Budget cuts are threatening the future of special funding for rural law enforcers in California. A state Senate budget subcommittee cut all $18.5 million in funding for the program, which since 2001 has provided $500,000 a year each to California’s 37 least-populated counties, reports the Sacramento Bee. But the rural sheriff’s program accounted for only a small part of the half-billion-dollar whack that the subcommittee took out of local law enforcement. The panel also wiped out a $119 million program for local prosecutors, jails and cops. And it eliminated $119 million targeting juvenile offenders, $35 million in booking fees the state had been paying for local police agencies, $201 million earmarked for juvenile probation camps and $29 million used to stop methamphetamine trafficking.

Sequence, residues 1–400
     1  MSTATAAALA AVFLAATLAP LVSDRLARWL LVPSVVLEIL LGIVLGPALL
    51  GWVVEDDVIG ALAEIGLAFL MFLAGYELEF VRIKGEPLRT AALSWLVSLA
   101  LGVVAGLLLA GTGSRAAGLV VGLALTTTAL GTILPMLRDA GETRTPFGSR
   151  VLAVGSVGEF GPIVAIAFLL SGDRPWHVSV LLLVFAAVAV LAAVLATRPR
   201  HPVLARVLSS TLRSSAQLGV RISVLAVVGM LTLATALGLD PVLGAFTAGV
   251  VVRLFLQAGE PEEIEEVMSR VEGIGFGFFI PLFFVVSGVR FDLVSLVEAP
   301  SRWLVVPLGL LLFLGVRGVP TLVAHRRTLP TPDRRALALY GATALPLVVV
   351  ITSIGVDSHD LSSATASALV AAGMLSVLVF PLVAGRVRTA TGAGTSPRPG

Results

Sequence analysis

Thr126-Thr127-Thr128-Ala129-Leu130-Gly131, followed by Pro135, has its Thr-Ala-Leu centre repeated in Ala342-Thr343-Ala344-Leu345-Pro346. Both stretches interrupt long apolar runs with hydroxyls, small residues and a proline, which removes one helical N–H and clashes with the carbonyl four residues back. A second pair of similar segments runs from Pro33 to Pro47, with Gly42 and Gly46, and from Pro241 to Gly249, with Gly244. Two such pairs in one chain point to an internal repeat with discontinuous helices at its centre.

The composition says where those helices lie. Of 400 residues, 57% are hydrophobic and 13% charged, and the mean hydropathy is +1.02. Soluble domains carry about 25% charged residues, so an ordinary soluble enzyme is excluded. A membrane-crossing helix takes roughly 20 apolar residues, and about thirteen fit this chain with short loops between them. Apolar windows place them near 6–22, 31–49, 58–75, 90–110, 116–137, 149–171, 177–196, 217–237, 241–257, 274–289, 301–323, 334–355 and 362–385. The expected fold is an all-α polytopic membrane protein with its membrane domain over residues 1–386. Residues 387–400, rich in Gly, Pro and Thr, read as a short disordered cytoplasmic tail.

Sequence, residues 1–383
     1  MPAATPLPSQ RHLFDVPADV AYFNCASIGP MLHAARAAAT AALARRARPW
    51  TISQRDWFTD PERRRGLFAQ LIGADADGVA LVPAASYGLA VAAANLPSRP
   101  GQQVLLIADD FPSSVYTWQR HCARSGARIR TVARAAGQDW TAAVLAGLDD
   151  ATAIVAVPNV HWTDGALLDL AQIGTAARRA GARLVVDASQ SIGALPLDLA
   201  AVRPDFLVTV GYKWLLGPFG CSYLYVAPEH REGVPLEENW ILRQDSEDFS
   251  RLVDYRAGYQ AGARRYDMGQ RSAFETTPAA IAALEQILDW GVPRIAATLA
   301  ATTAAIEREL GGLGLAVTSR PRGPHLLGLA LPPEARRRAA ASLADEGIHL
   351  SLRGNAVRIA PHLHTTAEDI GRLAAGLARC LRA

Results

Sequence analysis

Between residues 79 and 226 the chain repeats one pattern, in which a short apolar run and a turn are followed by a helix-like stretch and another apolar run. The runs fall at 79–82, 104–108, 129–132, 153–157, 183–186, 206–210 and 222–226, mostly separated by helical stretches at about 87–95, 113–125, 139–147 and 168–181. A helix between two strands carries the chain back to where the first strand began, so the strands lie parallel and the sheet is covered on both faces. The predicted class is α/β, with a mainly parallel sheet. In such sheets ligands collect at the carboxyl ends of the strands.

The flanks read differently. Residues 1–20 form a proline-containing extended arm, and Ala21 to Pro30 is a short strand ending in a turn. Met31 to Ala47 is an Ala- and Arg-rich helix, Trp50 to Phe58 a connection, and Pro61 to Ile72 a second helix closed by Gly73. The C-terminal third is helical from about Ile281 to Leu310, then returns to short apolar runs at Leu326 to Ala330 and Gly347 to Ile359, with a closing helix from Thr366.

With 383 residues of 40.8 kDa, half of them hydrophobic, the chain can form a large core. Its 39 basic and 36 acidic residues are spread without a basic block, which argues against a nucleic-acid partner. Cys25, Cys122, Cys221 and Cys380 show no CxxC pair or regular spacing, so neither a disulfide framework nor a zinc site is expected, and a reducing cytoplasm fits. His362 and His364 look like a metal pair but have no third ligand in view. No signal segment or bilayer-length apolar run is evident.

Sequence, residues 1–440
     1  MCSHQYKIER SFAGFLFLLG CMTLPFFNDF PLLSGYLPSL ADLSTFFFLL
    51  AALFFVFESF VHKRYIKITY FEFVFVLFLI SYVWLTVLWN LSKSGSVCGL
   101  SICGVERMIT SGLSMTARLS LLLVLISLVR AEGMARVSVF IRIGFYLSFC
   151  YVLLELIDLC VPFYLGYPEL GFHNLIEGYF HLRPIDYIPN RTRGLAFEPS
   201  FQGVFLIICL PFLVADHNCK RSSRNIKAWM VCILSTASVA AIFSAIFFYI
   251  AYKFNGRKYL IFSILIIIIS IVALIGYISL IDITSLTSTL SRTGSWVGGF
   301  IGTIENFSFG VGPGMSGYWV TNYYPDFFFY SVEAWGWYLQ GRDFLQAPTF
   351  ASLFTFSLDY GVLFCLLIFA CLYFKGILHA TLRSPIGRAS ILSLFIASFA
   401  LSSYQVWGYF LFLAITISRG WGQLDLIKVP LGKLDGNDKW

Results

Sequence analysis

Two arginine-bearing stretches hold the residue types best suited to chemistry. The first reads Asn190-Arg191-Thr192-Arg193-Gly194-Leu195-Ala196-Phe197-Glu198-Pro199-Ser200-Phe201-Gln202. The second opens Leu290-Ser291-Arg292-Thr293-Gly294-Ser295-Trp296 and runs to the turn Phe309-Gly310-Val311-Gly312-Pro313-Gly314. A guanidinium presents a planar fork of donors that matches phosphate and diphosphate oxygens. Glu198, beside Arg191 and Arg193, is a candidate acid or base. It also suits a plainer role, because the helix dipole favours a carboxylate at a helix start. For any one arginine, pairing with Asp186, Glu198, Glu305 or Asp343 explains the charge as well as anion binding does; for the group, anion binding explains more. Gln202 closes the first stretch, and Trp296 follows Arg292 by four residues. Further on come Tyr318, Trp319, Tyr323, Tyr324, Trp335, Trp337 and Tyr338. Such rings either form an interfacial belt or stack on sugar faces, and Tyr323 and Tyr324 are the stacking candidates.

The move went beyond Gov. Arnold Schwarzenegger’s proposed budget, which asked to cut the law enforcement programs by 10 percent. With the state looking at a $20 billion budget deficit, Sen. Mike Machado, D-Linden, said his subcommittee had no choice but to cut programs it deemed discretionary. If counties want the programs, Machado said, they’re going to have to find a way in their own budgets to pay for them. “We have to be straight up,” he said, citing cuts already facing schools, colleges, senior health and children’s disability programs. “Local governments are going to have to take some responsibility and do what they think they need to do at their end to continue their obligations.”